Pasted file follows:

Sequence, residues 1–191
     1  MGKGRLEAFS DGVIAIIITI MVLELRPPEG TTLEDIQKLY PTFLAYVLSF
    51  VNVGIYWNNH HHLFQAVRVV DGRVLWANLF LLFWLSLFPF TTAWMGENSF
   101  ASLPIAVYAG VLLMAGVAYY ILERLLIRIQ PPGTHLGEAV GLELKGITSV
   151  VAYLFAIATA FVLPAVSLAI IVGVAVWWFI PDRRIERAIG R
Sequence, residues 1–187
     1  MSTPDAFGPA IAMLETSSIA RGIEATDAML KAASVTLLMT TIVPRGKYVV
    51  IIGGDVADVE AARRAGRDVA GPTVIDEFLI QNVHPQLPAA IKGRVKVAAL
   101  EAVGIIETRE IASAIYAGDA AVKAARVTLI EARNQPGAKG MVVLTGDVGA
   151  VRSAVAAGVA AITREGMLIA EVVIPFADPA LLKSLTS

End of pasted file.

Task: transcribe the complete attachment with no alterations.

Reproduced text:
Sequence, residues 1–191
     1  MGKGRLEAFS DGVIAIIITI MVLELRPPEG TTLEDIQKLY PTFLAYVLSF
    51  VNVGIYWNNH HHLFQAVRVV DGRVLWANLF LLFWLSLFPF TTAWMGENSF
   101  ASLPIAVYAG VLLMAGVAYY ILERLLIRIQ PPGTHLGEAV GLELKGITSV
   151  VAYLFAIATA FVLPAVSLAI IVGVAVWWFI PDRRIERAIG R
Sequence, residues 1–187
     1  MSTPDAFGPA IAMLETSSIA RGIEATDAML KAASVTLLMT TIVPRGKYVV
    51  IIGGDVADVE AARRAGRDVA GPTVIDEFLI QNVHPQLPAA IKGRVKVAAL
   101  EAVGIIETRE IASAIYAGDA AVKAARVTLI EARNQPGAKG MVVLTGDVGA
   151  VRSAVAAGVA AITREGMLIA EVVIPFADPA LLKSLTS